Tuesday, January 26, 2016

Review: The Heart And The Fist by Eric Greitens

Over the last several months in a wide spectrum of contexts I've been seeing the name Eric Greitens come up. He's an author, a Rhodes Scholar, a Navy SEAL, a humanitarian, founder of The Mission Continues, and currently a candidate for governor of Missouri. Because his name has been popping up in a variety of different contexts, I decided I would do a quick Google search.

When I did, among the top hits were a couple of books, one called Resilience, and the other was The Heart And The Fist. I decided to start by reading The Heart And The Fist because of its subtitle, The Education Of A Humanitarian, The Making Of A Navy SEAL. This title intrigued me on a few levels. First, given Nuru CEO Jake Harriman's background as a Force Recon platoon commander, I wondered what similarities may exist between the genesis of Nuru in Jake's mind and Eric Greitens' own experiences and conclusions. Separately, I find myself encouraged by the lives of others who have sought to work for a better world, and Mr. Greitens seems to be a person who has sought to do that with his life. I figure any time I can read a book where a person is willing to open up their life and share some of their personal lessons, I am usually made better through it.

And so I picked up The Heart And The Fist. What I love about the book is that there is a mixture of these biographical sketches from different seasons of the author's life that each include both humor and nuggets of wisdom. In even the most serious moments of life it seems there can be an occasion to smile, to experience gratitude, and an opportunity to learn and grow as a person. In the preface of the book, Eric succinctly articulates his thesis. The stories he shares reflect this truth, "...without courage, compassion falters, and without compassion, courage has no direction...it is within our power, and that the world requires of us--of every one of us--that we be both good and strong...For each of us there is a place on the frontlines."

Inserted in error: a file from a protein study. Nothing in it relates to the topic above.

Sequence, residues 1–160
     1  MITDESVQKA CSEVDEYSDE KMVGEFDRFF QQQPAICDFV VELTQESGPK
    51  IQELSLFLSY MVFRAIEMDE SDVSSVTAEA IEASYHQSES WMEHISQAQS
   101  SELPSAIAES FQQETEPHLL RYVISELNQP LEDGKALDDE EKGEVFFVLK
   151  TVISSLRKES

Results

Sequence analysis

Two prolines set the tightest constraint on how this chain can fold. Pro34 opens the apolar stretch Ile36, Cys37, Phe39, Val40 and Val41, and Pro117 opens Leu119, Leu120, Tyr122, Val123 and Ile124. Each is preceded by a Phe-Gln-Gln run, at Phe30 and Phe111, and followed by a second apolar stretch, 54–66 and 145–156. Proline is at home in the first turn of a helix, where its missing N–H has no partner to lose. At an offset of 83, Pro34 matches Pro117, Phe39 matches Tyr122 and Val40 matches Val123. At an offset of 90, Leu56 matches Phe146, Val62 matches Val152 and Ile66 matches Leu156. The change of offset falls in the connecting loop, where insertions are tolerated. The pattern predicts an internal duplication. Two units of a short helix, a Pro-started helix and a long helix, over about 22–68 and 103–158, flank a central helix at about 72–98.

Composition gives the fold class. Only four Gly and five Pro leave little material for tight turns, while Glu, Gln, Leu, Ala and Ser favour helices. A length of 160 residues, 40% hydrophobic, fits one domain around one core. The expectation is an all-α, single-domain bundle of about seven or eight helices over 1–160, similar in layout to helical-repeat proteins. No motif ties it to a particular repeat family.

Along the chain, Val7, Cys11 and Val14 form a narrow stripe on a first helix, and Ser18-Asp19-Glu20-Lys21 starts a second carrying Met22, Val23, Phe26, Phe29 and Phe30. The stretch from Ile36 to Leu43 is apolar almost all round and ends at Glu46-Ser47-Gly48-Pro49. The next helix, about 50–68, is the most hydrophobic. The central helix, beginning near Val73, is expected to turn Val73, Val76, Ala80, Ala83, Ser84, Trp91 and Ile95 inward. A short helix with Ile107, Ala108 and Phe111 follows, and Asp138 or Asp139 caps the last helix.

In each chapter of the book, Eric focuses in on key experiences and individuals who helped him learn important life lessons, and who inspire him to bring his best into whatever he does. Although the book is a story about moments that shaped his life, it is just as much a testimonial and tribute to individuals who gave him inspiration and who by being written about, may have the opportunity to give us inspiration as well. In this book, he communicates with a vulnerability and an honesty that does not attempt to paint any of these individuals (including himself) in a perfect light, but rather to show that even amid our imperfections, we each have valuable life lessons to impart, and we each have a unique contribution on the frontlines, wherever they may be.

I highly recommend picking up a copy of his book, and soaking in these stories of hardship, heroism, and simple truths in the hope that it might help you to bring your best to wherever you have been placed, and further, that it might inspire you to be both strong and good. In the words of the philosopher John Stuart Mill (also quoted in the book), " The person who has nothing for which he is willing to fight, nothing which is more important than his own personal safety, is a miserable creature and has no chance of being free unless made and kept so by the exertions of better men than himself."  May we be a people who are willing to fight for good, who are relentless in standing strong, and purposeful in laying down our lives and our comforts for the good of others.


Unknown said...

Great review. I am a huge fan of Eric, having read The Heart and The Fist and then hiring him to give a leadership talk at a company event. From there, I hired him to do another 14 events where he shared his message with my clients. This is the first ever event series were afterwards folks were coming up and saying this is the best IBM event I've ever attended. He is a fantastic speaker and his books are great.

I would explain to our attendees, The Heart and The Fist will make you want to be a better person, Resilience will give you the tools to be that better person.

As a Ohio resident, I truly hope Eric wins the Missouri Governor race so I can have the opportunity to vote for him as President of the United States in the future.

He is featured in another new book, named Charlie Mike (aka in military speak as Continue the Mission), alongside one of his Mission Continues fellows Jake Wood. Another worthy read.

Helen said...

I have not read Eric's book but I've met him and think he is an amazing person. I think we Missourians would benefit a great deal from his leadership.